A beloved cat aging might not be something that pet owners notice happening until one day they suddenly see a lot of signs that their cat is, indeed, a senior cat now.
Older cats have significantly slower metabolism than younger cats – they simply don’t need the energy that they once did! This means that senior cats don’t eat as much as younger cats.
The same goes for humans – a 70 year old man will most probably eat less than a 30 year old man, who is at his peak strength and needs a lot of energy to get through the day!
Apart from eating less, senior cats also:
• Are not as energetic
• Hunt less
• Sleep more
• Spend less time outdoors
• Are not so eager to play
• Start depending on their owners more and more
These signs of aging are completely normal, so there is no need to be worried if your senior cat does not eat the same amount of food as before!
4. Your Cat Might Be Temporarily Nauseous
The most common sign your cat is nauseous is a loss of appetite. This is completely understandable – when you’re nauseous, you don;t want to eat much, right?! The same goes for cats.
So, what might be causing your cat to feel nauseated? This can be due to:
• Your cat experiencing motion sickness
• A reaction to medication
• Seasonal allergies
• Licking flea treatment
Your cat’s nausea can manifest in a slight change in appetite, but it can also manifest as drooling, vomiting, and a general feeling of weakness, so be on the look-out for these signs too.
5. It Might Be An Early Sign Of Dental Problem(s)
As you already know, a cat’s dental health is extremely important for their overall well-being and quality of life. Dental issues are actually quite common in cats, proven by the fact that most cats older than 3 experience some type of issue regarding their gums, teeth or oral cavity in general.
If your kitty is experiencing any type of painful dental disease, there is a good chance they might not be eating much, in order to avoid experiencing the pain or discomfort that comes from chewing.
Dental issues a cat can develop include:
• Periodontal disease (feline periodontitis)
• Broken teeth
• Trauma to the mouth
• Infection of the oral cavity
• Feline odontoclastic resorptive lesions (tooth resorption)
• Oral cancer
Luckily, most dental problems can be treated, but of course, preventing the problem from arising in the first place is always better than treating the problem after it arises! It pays to make sure your cat’s teeth and gums are healthy!
6. It’s A Symptom Of Other Underlying Health Issues
Unfortunately, cats are not immune to disease, and most cats have to deal with some sort of health issue at some point (just like people really!). Older cats are more prone to developing serious health issues, but younger cats can also become ill.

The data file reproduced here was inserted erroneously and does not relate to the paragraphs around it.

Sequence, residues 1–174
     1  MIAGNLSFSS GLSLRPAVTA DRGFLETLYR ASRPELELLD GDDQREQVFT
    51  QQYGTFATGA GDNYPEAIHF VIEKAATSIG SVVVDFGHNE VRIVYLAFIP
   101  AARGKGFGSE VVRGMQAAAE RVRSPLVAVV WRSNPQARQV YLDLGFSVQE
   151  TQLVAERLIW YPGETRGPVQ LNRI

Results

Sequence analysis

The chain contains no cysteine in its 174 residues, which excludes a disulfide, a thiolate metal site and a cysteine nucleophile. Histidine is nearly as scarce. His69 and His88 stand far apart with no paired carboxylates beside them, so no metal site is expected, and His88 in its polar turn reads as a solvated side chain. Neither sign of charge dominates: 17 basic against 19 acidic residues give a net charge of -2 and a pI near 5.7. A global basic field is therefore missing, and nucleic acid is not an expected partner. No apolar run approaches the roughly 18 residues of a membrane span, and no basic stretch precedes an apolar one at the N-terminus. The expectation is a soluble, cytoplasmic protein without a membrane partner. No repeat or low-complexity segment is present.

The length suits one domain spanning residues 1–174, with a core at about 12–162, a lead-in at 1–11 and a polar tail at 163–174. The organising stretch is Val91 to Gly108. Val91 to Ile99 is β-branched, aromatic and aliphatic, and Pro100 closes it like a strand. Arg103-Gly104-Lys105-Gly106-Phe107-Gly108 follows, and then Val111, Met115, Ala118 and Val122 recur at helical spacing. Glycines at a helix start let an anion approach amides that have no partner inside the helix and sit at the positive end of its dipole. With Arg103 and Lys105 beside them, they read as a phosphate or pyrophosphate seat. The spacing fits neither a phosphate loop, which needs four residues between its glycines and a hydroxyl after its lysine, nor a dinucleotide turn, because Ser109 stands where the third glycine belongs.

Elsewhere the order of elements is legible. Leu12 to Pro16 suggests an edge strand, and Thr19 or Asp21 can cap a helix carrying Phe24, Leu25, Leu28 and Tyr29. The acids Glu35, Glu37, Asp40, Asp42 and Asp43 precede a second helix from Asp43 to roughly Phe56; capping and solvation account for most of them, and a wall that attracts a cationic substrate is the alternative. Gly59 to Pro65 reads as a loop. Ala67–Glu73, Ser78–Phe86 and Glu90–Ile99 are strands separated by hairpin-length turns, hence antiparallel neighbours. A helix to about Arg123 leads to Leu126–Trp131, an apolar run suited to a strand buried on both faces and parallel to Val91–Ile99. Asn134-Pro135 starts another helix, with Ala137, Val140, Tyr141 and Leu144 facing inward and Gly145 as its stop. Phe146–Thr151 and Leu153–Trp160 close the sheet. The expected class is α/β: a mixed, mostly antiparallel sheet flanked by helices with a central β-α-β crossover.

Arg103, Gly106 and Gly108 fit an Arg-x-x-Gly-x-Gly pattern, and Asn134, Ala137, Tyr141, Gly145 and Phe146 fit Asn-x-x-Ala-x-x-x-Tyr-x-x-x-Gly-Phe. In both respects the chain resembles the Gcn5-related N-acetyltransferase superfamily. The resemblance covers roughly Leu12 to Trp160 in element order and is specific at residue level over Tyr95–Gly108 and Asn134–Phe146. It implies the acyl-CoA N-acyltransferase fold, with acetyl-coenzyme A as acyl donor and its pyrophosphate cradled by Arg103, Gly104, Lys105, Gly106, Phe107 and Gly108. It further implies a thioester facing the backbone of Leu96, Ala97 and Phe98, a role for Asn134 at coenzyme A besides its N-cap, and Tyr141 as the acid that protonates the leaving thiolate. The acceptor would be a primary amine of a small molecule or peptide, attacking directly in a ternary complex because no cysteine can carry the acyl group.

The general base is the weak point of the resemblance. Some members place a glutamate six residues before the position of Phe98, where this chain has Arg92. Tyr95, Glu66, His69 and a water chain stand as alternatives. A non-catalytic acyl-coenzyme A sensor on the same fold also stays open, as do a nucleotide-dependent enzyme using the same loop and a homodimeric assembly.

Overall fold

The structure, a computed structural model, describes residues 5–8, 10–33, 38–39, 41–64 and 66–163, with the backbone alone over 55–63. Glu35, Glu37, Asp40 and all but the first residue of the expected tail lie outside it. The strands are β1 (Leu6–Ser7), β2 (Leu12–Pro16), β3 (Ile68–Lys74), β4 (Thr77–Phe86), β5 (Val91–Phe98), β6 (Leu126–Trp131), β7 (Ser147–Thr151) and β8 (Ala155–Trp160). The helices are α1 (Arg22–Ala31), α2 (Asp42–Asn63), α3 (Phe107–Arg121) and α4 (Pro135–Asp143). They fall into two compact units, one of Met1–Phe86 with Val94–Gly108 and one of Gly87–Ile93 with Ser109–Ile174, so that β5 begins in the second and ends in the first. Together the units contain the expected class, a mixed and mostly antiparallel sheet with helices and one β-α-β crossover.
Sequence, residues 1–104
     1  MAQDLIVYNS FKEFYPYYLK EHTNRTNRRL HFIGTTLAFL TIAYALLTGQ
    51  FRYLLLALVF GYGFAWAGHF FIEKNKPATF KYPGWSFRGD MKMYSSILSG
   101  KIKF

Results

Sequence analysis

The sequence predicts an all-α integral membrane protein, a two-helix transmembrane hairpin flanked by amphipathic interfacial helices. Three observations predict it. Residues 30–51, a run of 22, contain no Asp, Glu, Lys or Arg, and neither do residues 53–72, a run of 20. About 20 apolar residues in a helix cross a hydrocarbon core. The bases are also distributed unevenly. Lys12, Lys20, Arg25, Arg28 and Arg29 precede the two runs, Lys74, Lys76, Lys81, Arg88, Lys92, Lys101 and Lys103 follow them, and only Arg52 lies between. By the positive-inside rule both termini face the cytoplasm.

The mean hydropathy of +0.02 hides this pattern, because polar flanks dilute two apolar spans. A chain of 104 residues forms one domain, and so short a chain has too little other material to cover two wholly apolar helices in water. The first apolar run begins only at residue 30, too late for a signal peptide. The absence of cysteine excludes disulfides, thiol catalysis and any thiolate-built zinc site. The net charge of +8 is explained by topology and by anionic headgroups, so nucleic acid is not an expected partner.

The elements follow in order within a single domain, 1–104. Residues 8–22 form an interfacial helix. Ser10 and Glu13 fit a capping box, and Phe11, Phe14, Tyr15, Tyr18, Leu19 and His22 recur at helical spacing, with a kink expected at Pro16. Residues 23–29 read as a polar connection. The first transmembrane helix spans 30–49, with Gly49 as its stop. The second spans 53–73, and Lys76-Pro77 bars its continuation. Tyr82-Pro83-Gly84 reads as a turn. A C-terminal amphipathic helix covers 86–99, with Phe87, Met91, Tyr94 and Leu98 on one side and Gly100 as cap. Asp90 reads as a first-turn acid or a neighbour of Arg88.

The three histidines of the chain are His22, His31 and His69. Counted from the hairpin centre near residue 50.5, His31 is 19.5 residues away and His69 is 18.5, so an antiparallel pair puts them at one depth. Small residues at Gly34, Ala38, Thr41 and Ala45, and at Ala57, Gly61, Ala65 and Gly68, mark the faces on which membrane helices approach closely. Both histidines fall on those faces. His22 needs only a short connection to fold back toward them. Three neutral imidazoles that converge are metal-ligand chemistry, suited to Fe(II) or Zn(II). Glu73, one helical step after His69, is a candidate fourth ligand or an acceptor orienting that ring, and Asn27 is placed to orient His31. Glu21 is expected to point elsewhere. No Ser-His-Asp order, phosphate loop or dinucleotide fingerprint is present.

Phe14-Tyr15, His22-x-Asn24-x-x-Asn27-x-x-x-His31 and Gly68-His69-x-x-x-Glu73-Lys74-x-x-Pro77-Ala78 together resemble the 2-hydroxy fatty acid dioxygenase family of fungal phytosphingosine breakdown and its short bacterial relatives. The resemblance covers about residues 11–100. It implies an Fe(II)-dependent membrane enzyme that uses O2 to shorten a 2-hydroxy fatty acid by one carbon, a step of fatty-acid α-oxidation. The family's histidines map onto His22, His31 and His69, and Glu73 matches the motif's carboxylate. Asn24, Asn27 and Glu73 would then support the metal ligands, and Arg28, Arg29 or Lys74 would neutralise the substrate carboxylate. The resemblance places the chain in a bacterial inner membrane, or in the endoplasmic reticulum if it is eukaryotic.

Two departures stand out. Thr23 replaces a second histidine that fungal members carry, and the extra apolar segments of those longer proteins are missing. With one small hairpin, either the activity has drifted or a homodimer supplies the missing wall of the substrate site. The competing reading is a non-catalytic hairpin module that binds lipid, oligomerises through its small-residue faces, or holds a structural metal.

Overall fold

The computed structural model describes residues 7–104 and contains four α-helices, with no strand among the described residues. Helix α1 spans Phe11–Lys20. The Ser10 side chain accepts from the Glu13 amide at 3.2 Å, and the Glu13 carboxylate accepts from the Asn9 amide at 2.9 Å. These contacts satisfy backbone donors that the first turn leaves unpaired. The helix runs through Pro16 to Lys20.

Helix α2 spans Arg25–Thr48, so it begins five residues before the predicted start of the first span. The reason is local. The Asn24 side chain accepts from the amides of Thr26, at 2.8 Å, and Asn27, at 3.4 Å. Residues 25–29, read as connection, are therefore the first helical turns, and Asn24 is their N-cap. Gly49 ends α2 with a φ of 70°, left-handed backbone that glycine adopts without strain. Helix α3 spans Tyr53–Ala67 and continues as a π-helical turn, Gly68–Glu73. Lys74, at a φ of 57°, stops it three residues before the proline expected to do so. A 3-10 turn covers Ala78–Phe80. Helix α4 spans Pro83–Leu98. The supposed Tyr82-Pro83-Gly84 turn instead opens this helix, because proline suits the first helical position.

A common symptom of many medical issues that a cat might experience is loss of appetite, resulting in a cat not eating as much. On the other hand, cats are masters of hiding pain, so a cat might seem “normal” in other ways.
The list of potential health issues that cause a reduced appetite as one of their first symptoms is long and diverse.
Medical problems your cat might be battling include:
• Kidney disease
• Diseases of the digestive system
• Liver disease (such as hepatic lipidosis)
• Urinary tract disease
• Respiratory disease
• Psychological issues
Even if a cat is not displaying any other symptoms aside from appetite loss, it may be that the symptoms have not developed (yet), or that the cat is hiding them very effectively.
7. Recent Vaccination Might Be The Cause
When it comes to the long-term health of your cat, vaccination should be at the top of your to-do list! Vaccines protect animals from potentially deadly infections, so it is essential that you follow your vets vaccination advice..
Temporary loss of appetite is a very common vaccination side-effect.
So if your little furry friend has recently been vaccinated, the most probable cause of them not eating much is their body’s reaction to the vaccine!
Apart from loss of appetite, your cat might also experience:
• Redness at the side of vaccine administration
• Sneezing and coughing
• Other more serious symptoms
Vaccines can cause a number of side effects, like the majority of medications. However, the positive impacts do outweigh any potential negative effects by a wide margin. This cause of appetite change will be temporary.
7 Things You Can Do To Help Your Cat
It’s natural for you to worry if your kitty is not eating as much as you’d expect them to. We all want the best for your pets, and their health is the top priority.
Reduced appetite might be a potential cause for concern, so it’s important you get your furry friend’s appetite back to normal, so they can get their intake of nutritious food back on track!